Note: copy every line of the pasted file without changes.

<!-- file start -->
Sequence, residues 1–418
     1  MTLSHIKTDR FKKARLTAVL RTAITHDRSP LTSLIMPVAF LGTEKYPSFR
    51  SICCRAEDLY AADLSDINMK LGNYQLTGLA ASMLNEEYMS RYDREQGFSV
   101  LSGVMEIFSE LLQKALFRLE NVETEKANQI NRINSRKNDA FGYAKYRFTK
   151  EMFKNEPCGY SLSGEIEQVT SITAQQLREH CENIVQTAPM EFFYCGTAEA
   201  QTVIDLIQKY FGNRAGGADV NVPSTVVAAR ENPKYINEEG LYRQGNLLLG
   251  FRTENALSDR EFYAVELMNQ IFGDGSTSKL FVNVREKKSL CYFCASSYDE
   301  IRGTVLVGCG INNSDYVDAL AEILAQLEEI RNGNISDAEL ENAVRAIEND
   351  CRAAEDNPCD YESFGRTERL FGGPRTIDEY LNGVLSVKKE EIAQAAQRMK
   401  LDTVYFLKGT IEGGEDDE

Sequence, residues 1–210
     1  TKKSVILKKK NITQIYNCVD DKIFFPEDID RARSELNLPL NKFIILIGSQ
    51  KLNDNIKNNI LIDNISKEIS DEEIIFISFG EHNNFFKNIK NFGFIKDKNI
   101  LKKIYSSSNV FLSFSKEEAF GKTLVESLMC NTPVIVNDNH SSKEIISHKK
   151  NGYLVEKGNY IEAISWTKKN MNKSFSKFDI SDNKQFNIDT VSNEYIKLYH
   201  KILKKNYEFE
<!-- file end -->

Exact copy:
Sequence, residues 1–418
     1  MTLSHIKTDR FKKARLTAVL RTAITHDRSP LTSLIMPVAF LGTEKYPSFR
    51  SICCRAEDLY AADLSDINMK LGNYQLTGLA ASMLNEEYMS RYDREQGFSV
   101  LSGVMEIFSE LLQKALFRLE NVETEKANQI NRINSRKNDA FGYAKYRFTK
   151  EMFKNEPCGY SLSGEIEQVT SITAQQLREH CENIVQTAPM EFFYCGTAEA
   201  QTVIDLIQKY FGNRAGGADV NVPSTVVAAR ENPKYINEEG LYRQGNLLLG
   251  FRTENALSDR EFYAVELMNQ IFGDGSTSKL FVNVREKKSL CYFCASSYDE
   301  IRGTVLVGCG INNSDYVDAL AEILAQLEEI RNGNISDAEL ENAVRAIEND
   351  CRAAEDNPCD YESFGRTERL FGGPRTIDEY LNGVLSVKKE EIAQAAQRMK
   401  LDTVYFLKGT IEGGEDDE

Sequence, residues 1–210
     1  TKKSVILKKK NITQIYNCVD DKIFFPEDID RARSELNLPL NKFIILIGSQ
    51  KLNDNIKNNI LIDNISKEIS DEEIIFISFG EHNNFFKNIK NFGFIKDKNI
   101  LKKIYSSSNV FLSFSKEEAF GKTLVESLMC NTPVIVNDNH SSKEIISHKK
   151  NGYLVEKGNY IEAISWTKKN MNKSFSKFDI SDNKQFNIDT VSNEYIKLYH
   201  KILKKNYEFE